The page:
Straight Outta Oz

The Sum of Us is an Australian vessel from stern to bow. David Stevens, an award-winning Aussie screenwriter (Breaker Morant) and filmmaker (the TV miniseries A Town Like Alice) scripted it. Jack Thompson, a fixture in Australian cinema as well as a United Nations Goodwill Ambassador for Refugees and a director of the Australian Film Finance Board and the Australian National Museum, costars with Russell Crowe (Romper Stomper, Proof), the young buck actor being touted down under as a cross between Mel Gibson and James Dean. Aussie cinematographer Geoff Burton (Sirens, Dead Calm, The Year My Voice Broke, Flirting) lensed the project. And, most important, the film wears its pronounced Australian accent on its sleeve, from the slang and dialect to the cultural attitudes and character archetypes. How then did Kevin Dowling, an American theater veteran who has directed dozens of stage plays but never before had worked on a film in any capacity, wind up piloting the ship?

"It's an odd tale," related Dowling while in town for the picture's Miami Film Festival screening in February. Working with such leading lights of the New York stage as John Malkovich, Tony Goldwyn, and F. Murray Abraham definitely has rubbed off on the blue-gray-eyed, salt-and-pepper-bearded director's conversational style. He looks like a grad student (philosophy or sociology) but speaks like an accomplished thespian. One easily could imagine him acting in one of his own productions.

"David Stevens wrote The Sum of Us as a play, but he really didn't expect to ever see it produced," Dowling explained. "He wrote it as a labor of love, then put it away in a drawer and figured that was the end of it. He only let a few of his closest friends read it, and they convinced him to forward it to a couple of producers in Australia, who all turned it down. Who knows why. David came to work here in the U.S., and his agent asked to see some examples of his work. David gave him a copy of The Sum of Us, never expecting the man to do anything with it. Sure enough, he sold it immediately.

"I read the play just prior to its L.A. run and fell in love with it immediately. So I bought the [stage and screen] rights to it," Dowling continued. "David didn't think it would work as a movie, but in retrospect I think a part of me envisioned it that way all along. It took about three years to put together the financing. In the meantime, I read everything I could about directing. I sat in on fourteen different film shoots to help prepare."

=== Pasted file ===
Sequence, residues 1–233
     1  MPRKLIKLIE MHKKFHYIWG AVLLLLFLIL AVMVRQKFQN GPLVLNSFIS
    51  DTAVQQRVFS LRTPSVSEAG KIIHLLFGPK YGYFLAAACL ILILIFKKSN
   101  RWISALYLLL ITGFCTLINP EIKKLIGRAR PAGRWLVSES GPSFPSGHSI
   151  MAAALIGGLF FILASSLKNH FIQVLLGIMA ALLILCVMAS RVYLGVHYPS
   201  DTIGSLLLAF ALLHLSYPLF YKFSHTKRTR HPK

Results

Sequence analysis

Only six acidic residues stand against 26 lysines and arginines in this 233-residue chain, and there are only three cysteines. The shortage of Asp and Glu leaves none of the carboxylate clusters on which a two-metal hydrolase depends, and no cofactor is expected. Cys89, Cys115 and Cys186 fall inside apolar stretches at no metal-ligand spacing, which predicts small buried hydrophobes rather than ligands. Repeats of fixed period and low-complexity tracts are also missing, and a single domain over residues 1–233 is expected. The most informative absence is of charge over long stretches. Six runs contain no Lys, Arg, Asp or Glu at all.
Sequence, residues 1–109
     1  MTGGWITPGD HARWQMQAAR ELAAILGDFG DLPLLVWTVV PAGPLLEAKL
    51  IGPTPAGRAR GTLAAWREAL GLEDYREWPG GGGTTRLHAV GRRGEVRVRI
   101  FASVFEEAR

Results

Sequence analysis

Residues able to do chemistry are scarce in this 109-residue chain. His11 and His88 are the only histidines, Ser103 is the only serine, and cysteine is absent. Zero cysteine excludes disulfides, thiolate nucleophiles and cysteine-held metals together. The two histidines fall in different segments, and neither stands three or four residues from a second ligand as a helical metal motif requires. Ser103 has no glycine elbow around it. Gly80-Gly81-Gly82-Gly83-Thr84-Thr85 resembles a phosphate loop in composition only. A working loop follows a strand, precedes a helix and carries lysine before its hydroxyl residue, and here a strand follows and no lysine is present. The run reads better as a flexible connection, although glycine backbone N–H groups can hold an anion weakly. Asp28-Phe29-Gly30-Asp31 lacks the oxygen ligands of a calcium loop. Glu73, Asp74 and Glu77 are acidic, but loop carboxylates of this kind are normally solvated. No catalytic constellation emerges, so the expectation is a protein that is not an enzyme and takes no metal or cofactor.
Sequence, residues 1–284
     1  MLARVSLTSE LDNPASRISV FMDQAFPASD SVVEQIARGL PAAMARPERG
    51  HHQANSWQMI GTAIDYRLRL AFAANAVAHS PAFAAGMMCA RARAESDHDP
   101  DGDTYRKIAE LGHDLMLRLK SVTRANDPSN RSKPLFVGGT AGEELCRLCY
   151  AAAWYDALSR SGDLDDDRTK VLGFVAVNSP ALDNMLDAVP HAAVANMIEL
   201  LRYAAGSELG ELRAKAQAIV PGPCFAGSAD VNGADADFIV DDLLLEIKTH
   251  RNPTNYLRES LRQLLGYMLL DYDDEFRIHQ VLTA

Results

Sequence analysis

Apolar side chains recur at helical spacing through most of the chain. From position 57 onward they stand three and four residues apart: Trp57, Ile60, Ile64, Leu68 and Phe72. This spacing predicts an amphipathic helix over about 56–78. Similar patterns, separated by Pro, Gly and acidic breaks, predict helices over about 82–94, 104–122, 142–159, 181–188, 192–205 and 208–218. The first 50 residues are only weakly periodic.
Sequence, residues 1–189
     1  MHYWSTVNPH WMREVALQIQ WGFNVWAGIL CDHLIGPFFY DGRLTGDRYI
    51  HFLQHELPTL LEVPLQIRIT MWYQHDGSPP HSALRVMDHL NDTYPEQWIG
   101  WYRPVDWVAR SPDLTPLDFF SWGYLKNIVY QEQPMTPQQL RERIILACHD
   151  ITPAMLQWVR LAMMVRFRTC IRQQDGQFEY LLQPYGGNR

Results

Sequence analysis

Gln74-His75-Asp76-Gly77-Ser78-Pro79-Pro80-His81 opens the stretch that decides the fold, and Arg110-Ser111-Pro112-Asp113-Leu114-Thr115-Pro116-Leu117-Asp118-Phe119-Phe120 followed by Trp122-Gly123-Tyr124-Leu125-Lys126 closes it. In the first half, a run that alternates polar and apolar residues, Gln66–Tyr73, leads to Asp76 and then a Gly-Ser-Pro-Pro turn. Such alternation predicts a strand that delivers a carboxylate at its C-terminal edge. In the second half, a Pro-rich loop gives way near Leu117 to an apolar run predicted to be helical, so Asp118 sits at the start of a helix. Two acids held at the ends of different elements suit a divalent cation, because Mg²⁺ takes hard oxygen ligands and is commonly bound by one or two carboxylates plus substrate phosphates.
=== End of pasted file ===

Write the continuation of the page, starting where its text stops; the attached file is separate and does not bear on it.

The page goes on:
The film originally was structured as a joint U.S.-Australian venture that would feature a cast and crew from both nations. As often happens in the movie biz, complications arose. The stateside money men pulled out. The Sum of Us was on the verge of being scuttled. But then the Australian Film Finance Corporation came to the project's rescue. There was one string attached to their involvement, however: An Australian had to codirect. Ever the pragmatist, Dowling agreed to split duties with cinematographer Burton, and the cameras, as they say, rolled.

While Dowling said his primary aim was to provide viewers with "a damn good time," he also emphasized what he feels to be one of the great strengths of the Australian character: tolerance. "I'm deeply disturbed by the conservative trend in this country," Dowling confided. "We have such hypocritical policies toward guns and drugs. It was important to me as an American to convey middle-class Australian tolerance for gay lifestyles, especially as exemplified by gay Mardi Gras where 700,000 people participate. Where could you have something like that in this country? Could you imagine a parade and street festival with half a million gay men and women in Newt Gingrich's hometown?"


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